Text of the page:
by | Jul 19, 2018 | MUSIC | 0 comments

Now based in Milan, Andrea Gamba aka Daykoda releases his most recent project the five track project Lucid Dreams. As the name dictates it’s a slightly surreal, electro infused down-tempo to mid-tempo offering that leans heavily to something akin to a film score. It’s an expansive and immersive experience as tracks like Indian and connect on a satisfying cerebral level.


Daykoda you are only twenty-two but it seems you have been about a while. How have things changed for you since you put out your debut project Sleeping Awake (2016).

Well, things have changed a lot since I put out my first project on the Insight Music label. I feel more confident about music and my musical tastes have changed and matured. With the help of Beat Machine Records I developed my consciousness and knowledge in music industry dynamics and I feel in a good place right now.

You are based in Milan now.

Yes, and it has helped me to discover fresh new sounds and meet people who make different types of music-I’m very happy about my moving there.

Electronica and hip-hop you make them work together. Do they have a natural synergy?

You create the synergy. It’s not about hip-hop, techno, house or reggae. It’s how you approach music and how your brain works with the music.

Talk to us about your label Kindly Rewind.

I think of my label as a social and cultural movement. I want to give ears to people who deserve it. There’s a lot of artists who people have not heard who should have a platform. This is my mission as an independent label.

Talk about the technical aspects of your work in brief- field recording, acoustic, stratification, arp sounds, shaker and loop grooves.

Well, I don’t have a clear and defined way to produce music. Everything changes from track to track. I like to range over with my music. But I also do some field-recordings and loop music of course. I often play my guitar, work on drum patterns with ableton and controllers. I love to discover new sounds searching for them in vinyl or from digital archives – that’s the right way to use internet I suppose, knowledge and discovery. Then I put everything together and that’s it.

Lucid Dreams you released also as a cassette explain that choice (very retro).

Beat Machine and Orikami Records wanted to give my music (for the first time) a physical dimension. They decided to work on cassette because they felt it was a better solution for my “jazzy / chill / beats” sounds – and not forgetting that Groundislava 80’s remix too. It was a cool idea for me.

In talking about Lucid Dreams you state-“We  often  focus  too  much  on  “sound”  like  someone  or  something  and  learn  techniques  that  has  already  been  seen.  With this record I just tried to be myself” elaborate more on that.

I think a lot of people try to make music which is over inspired by their musical influences and I think this shackles an artist because it doesn’t allow an artist to reach his/her personal sound.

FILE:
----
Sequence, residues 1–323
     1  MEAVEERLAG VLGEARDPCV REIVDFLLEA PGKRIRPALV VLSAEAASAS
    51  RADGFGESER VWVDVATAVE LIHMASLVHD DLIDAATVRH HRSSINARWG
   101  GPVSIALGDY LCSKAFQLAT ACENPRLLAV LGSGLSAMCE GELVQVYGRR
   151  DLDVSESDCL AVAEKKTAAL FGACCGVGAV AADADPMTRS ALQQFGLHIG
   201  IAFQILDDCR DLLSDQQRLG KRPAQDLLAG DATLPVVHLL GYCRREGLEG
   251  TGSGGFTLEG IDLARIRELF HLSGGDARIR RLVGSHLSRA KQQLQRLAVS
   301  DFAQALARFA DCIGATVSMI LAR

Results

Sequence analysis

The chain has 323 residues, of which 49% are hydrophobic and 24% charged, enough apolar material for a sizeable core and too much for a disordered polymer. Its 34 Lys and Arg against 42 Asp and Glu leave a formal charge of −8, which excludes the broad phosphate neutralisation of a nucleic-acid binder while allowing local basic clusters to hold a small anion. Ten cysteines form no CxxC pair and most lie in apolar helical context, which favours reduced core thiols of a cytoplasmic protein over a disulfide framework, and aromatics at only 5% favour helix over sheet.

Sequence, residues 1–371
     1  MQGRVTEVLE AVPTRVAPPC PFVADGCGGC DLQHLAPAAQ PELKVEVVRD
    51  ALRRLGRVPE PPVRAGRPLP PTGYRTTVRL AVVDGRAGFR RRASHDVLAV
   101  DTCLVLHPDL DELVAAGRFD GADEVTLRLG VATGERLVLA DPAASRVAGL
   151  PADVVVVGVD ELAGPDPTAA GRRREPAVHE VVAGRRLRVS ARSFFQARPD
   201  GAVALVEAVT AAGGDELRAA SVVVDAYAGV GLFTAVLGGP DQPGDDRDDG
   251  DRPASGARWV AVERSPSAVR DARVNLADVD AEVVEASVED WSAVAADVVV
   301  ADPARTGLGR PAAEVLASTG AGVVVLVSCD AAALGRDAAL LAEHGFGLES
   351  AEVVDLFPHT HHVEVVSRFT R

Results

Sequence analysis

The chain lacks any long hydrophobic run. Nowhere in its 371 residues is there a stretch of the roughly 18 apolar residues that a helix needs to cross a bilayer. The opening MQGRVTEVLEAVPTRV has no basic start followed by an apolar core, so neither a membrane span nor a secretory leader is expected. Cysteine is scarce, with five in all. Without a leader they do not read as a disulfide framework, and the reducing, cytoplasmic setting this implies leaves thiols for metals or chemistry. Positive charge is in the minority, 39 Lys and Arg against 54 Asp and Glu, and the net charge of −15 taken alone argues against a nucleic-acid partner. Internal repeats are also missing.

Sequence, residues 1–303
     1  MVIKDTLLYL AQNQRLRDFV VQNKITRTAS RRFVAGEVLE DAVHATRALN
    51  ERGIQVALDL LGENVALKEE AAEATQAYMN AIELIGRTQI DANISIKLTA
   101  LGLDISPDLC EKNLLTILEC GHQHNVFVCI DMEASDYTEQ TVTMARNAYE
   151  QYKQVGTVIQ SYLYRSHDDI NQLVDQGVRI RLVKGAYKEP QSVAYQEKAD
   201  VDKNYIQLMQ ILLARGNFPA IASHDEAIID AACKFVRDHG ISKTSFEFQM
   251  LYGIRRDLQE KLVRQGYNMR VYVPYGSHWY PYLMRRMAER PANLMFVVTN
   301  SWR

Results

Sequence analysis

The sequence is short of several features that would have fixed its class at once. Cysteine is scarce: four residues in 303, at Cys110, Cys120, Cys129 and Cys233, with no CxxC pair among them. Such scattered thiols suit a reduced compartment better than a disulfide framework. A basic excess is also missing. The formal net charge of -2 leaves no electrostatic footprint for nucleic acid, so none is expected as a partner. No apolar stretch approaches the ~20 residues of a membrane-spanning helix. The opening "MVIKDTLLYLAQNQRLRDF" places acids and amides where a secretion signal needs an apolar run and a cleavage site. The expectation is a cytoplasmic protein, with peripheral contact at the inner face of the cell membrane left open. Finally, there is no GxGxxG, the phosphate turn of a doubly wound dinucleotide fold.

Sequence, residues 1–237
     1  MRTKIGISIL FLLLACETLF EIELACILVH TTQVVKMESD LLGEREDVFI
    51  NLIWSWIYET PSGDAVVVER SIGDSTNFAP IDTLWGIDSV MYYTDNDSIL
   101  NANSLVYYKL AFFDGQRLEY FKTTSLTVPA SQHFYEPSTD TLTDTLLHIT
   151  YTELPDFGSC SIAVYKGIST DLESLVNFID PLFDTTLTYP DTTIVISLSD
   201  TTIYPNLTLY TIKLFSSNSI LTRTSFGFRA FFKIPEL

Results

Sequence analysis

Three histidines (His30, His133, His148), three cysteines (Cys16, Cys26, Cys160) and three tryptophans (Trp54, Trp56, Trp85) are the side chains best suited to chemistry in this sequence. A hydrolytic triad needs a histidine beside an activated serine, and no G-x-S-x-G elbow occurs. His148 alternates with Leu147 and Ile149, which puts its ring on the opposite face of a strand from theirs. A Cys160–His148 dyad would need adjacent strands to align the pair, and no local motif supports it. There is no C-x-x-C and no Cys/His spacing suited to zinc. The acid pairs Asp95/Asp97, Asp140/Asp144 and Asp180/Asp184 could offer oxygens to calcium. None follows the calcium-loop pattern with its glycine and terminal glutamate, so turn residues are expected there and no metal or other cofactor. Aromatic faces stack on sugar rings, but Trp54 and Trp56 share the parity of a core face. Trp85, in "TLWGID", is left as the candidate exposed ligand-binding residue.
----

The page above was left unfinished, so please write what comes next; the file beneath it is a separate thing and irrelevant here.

And talk about how the dreams you had helped the creation of Lucid Dreams?

I was particularly haunted by dreams during this year (maybe because I don’t dream much). I liked the idea of recreating dreams through music and words. In essence allowing people to dream with their eyes open, like I do. Every track is a trip through my brain.

Han’s vocals are so hypnotic-how did the collabo happen and what was it specifically you felt would be added with the HAN vocal?

That was pretty easy, she’s my girlfriend. We were just sitting in the room listening to the Dream Yoga instrumental and I said “sing something for me”, and that’s how it happened. She has a great vocal and I knew that it would take the track to the next level.

Love that 80’s electronica sound in Groundislava Remix elaborate on that track?

I love that too! I personally loved Groundislava’s work. He gave a different taste to the album and I liked it very much.

Minimalism is a feature of your production particularly seen in the track Tokyo Pagoda. How challenging is it to approach music with a “less is more” attitude?

Well, it’s my way to live music. I think if music comes naturally from your ideas, your concepts, your way or mood, then it makes for a better production. The mood of Tokyo Pagoda is beautiful because it represents my mood in that moment. I don’t find it challenging because the track is merely a portrait of what I was feeling in that day or week.

Talk about translating your music to a live forum-we saw you are working with Baransu.

Yeah I want to become more acoustic in my live sets so we are playing together with guitar and drums. We made our first live show at ELEVA Festival in Reggio Emilia (IT) this past May.

We heard your set at Le Mellotron give us two tracks to add to our monthly playlist?



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